Sunday, December 23, 2007

In which I get all Biblical

It's that time of the year, when we celebrate the birth of that radical cleric from the West Bank, known to have ties to Iranian intelligence -- "wise men from the East" being pretty flimsy code, if you ask me. Surely this dude's been wiretapped by the NSA? He went around Israel refusing the recognize the legitimacy of the Jewish state, preaching revolution, and even resorting to violent protest. Pretty shady dealings all around.

If you can't tell, the holidays put me in a pretty grinchy mood, not helped by my choice of part-time employment. Christmas, frankly, is one of the only times I actually spend time thinking about Christianity, Jesus, and my relationship to those two concepts -- Easter being the other biggie, no surprise. It would be easier for me to take contemporary American Christianity more seriously if it didn't produce such outright blasphemies as the notion that Jesus wants you to be rich.
In three of the Gospels, Jesus warns that each of his disciples may have to "deny himself" and even "take up his Cross." In support of this alarming prediction, he forcefully contrasts the fleeting pleasures of today with the promise of eternity: "For what profit is it to a man," he asks, "if he gains the whole world, and loses his own soul?" It is one of the New Testament's hardest teachings, yet generations of churchgoers have understood that being Christian, on some level, means being ready to sacrifice--money, autonomy or even their lives.

But for a growing number of Christians like George Adams, the question is better restated, "Why not gain the whole world plus my soul?"
Because apparently, the King of Kings was whipped forty times, wore a crown of thorns, and died on the cross so that we could all have two-car garages.

Let's say, for a moment, that it was somehow difficult to discover passages like Jesus' declaration that "It is easier for a camel to go through the eye of a needle than for a rich man to enter the kingdom of God." Let's pretend that the Bible didn't have pretty explicit things to say about people who created idols out of gold, or people who betrayed their prinicples for 30 pieces of silver. What's pretty clear to me, in this movement, is that what we're seeing is Christianity stripped of everything that makes it Christian.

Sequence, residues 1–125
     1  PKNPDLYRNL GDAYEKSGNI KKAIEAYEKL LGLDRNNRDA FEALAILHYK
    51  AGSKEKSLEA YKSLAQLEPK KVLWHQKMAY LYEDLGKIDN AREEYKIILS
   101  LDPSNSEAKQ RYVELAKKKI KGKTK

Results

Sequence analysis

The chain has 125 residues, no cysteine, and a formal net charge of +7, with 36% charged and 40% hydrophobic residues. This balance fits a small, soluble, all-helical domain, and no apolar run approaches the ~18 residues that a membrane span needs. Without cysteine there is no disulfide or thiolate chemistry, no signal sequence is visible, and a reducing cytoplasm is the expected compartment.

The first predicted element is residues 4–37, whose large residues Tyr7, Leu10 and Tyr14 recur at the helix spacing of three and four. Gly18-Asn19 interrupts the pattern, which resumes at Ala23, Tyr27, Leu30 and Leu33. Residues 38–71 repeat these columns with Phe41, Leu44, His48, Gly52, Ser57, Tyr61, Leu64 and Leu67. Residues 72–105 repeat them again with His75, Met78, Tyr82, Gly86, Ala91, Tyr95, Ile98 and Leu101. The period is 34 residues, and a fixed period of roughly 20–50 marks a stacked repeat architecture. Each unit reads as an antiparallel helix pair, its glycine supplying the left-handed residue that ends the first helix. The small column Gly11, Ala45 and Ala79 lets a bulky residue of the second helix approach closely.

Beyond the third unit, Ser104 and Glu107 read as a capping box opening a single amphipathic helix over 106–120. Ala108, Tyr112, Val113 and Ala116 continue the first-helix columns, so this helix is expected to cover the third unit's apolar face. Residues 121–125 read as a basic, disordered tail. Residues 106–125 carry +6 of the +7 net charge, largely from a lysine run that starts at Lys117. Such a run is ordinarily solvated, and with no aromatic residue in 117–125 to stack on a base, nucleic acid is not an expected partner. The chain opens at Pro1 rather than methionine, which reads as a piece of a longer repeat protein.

That language is reflected in Your Best Life Now, an extraordinarily accessible exhortation to this-world empowerment through God. "To live your best life now," it opens, to see "your business taking off. See your marriage restored. See your family prospering. See your dreams come to pass ..." you must "start looking at life through eyes of faith." Jesus is front and center but not his Crucifixion, Resurrection or Atonement.
I bet. Wouldn't want suffering or sacrifice to be part of our faith, would we?

So why is this bothering me so much? Well, I've worked in retail for most of my adult life now, and for most of that time it was perfectly acceptable to simply say "Happy Holidays" to customers, on the understanding that if you were a Christian you were welcome to take that as "Merry Christmas", and if not, not. But a few years back a bunch of assholes and loudmouths starting harping about how retail workers saying "Happy Holidays" was really an attack on Christianity, part of the War on Christmas, and so my co-workers and I started getting yelled at by customers for tidings of comfort and joy.

So the response has been entirely predictable: Most retailers I know of now simply don't say anything. I refuse to volunteer any kind of seasonal greeting unless the customer offers it first. Christmas has gone, for me, from being a crazed if somewhat pleasant exchange of money, with some pleasant greetings on the side, to non-stop craziness. With very little in the way of pleasantries. All because my coworkers and I were accused of taking Jesus out of Christmas. It's hard not to feel like I've been robbed of a basic measure of civilized manners, all because of some freaks.

Well, look around people. You assholes are taking Jesus out of Christianity itself, all because you don't want to think of what Jesus would say about the statistics on western obesity and third world hunger. To believe that Jesus wants you to be comfortable obviously misses how uncomfortable Jesus' teachings actually are. But we've already seen church leaders demand that politicians understand torture is a Christian value, and that protecting fertilized zygotes is more important than keeping the Earth from burning, so I suppose having churches devoted to the idea that Jesus drove a hummer isn't the worst thing in the world.

2 comments:

Mike said...

Testify John...and Happy Holidays!

Chet Scoville said...

Indeed. These goons have done more damage to Christianity than Christopher Hitchens could have done in a million years.